Is the person that made the inquiry into your business the head honcho, the decision maker? Or do they have direct contact and influence with the person in charge?

This answer can look like a lot of things. If the one making the inquiry is towards the bottom of their totem pole, they may still be worth looking into. Maybe they work at a company with a creative culture that listens to their employees in any position. Maybe not. Each inquiry should be treated like a specific entity for this reason.

Need

How long has this problem been prevalent in the inquiry’s company? How badly might this problem be affecting them? What happens if they don’t solve this problem? If you have the solution, it’s your job to make them see the importance of what you’ve spent so long understanding.

Timing

While you have an inquiry, it’s important to make them see the urgency of the issue at hand. How will this issue affect their goals and deadlines? Time is money, right…

An Inquiry vs. A Lead: What’s the Difference and Which is More Important?

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Keeping these guiding factors in mind can help your company direct their time and effort in a more sustainable and cost-effective way.

Which is More Important, Then? An Inquiry or a Lead?

Rather than pit the two against each other, it’s important to realize they go hand-in-hand. In generating business leads, inquiries are necessary. Inquiries can be found at the top of the business sales funnel. The goal is to guide them from the top all the way down to the bottom of the sales funnel.

Next Step: Score the Lead and Nurture It

A standardized point system allows you to see which leads you need to focus on. Allot a maximum number of points for each criterion in the BANT system and score your inquiries for each before tallying the grand total.

For instance, an inquiry from a higher company officer can trump a mid-level inquisitor, but what if the latter has a bigger budget and a more time-sensitive timeline? A point system can help you decide which potential lead can eventually turn into a sale faster. It will also bring to light which areas you need to focus on for maximum effect.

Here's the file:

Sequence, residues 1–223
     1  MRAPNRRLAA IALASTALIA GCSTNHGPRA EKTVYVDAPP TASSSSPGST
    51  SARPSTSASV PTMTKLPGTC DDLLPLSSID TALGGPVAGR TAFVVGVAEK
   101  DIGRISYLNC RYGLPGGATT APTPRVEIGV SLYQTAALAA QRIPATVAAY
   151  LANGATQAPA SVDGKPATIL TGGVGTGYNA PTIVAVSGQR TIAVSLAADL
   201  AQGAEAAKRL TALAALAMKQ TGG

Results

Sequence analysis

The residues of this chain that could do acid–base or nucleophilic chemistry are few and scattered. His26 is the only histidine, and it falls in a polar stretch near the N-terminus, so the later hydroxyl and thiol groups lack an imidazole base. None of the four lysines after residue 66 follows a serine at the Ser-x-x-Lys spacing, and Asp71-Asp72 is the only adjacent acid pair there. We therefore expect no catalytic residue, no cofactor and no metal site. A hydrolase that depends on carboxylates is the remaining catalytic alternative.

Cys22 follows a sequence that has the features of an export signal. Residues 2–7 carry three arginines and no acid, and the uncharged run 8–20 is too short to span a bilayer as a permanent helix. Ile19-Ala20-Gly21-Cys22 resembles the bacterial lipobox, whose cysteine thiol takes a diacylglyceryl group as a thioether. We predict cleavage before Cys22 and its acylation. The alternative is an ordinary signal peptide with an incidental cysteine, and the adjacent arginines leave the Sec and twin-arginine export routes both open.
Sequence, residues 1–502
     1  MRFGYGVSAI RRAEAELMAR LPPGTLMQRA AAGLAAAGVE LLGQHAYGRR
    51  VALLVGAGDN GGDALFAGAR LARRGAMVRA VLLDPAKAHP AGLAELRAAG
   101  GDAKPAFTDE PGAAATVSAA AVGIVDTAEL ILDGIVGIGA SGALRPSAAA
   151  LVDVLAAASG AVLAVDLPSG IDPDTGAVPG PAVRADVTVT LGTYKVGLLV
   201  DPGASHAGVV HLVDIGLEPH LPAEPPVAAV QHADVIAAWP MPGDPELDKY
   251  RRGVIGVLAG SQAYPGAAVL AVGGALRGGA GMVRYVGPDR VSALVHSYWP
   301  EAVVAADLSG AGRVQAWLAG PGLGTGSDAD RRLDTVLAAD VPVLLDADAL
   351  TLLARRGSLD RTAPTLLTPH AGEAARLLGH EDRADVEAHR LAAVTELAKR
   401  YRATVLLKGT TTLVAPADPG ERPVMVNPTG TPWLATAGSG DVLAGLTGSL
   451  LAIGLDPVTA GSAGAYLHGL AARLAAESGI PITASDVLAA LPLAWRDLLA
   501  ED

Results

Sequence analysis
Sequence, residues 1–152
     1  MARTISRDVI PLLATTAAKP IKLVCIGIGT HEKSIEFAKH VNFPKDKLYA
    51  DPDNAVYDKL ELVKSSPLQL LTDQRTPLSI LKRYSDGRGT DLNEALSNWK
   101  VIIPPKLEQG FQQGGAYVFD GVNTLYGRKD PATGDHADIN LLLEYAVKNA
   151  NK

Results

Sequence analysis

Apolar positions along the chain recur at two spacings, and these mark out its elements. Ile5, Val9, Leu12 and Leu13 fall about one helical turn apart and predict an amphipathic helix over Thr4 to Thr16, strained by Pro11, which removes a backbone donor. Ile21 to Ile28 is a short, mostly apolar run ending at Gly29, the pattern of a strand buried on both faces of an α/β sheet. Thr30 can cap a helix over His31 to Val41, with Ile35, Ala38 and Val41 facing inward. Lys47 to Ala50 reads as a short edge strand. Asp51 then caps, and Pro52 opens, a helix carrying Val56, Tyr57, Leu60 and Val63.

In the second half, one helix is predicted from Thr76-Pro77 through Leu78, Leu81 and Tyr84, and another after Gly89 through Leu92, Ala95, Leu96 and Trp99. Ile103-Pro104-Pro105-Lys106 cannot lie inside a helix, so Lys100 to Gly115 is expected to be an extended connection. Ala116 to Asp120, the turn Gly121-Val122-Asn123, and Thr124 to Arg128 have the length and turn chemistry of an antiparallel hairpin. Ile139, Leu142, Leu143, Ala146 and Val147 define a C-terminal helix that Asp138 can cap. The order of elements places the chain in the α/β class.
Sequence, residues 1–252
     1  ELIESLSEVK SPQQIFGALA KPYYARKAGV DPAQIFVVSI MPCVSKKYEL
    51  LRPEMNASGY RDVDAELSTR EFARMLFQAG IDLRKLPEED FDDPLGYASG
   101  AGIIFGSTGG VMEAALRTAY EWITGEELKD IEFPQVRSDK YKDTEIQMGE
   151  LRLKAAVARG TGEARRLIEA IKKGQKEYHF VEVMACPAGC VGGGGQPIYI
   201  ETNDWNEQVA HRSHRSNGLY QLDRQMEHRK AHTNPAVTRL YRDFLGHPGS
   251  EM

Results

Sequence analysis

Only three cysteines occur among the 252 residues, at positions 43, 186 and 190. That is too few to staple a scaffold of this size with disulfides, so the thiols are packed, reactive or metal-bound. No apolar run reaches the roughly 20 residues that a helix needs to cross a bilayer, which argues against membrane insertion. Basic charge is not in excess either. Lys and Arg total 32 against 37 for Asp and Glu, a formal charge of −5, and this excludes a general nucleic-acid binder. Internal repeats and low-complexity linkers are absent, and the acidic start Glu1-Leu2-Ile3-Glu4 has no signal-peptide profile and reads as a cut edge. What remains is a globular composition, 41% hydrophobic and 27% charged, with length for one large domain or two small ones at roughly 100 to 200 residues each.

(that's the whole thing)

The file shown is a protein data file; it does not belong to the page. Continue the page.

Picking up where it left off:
If all your inquiries are top-ranking company officials, then you’ve got yourself a gold mine of potential leads who are most likely decision makers. Then again, if most of your inquiries are entry-level employees, you might have to work quite a bit harder to convert them into leads.

This can be a time consuming process and, in the age of the internet, can sometimes feel impossible. With automated email services and B2B lead generation strategies on your side, following inquiries and turning them into leads can become a lot easier. Nurturing leads through email marketing is an issue to study in and of itself.

Of course, the internet has its perks as well. With the growing popularity of Zoom, it’s easier than ever to have a (virtual) face-to-face conversation with those inquiring about your business.

The options for online communication are endless and intimidating. Taking the time to identify worthwhile inquiries is the first step to generating leads for your business and simplifying your communication efforts.

Giana Reno

Giana is the Director of Content for Marketing Insider Group, a leading Content Marketing Agency. Connect with her on LinkedIn to stay up-to-date on all things MIG.

2 thoughts on “An Inquiry vs. A Lead: What’s the Difference and Which is More Important?

  1. Thank you for not putting 19 pop-ups. Drives me nuts. BTW the article is really useful. Have forwarded the link to a client who is confused about the difference between inquiries and leads.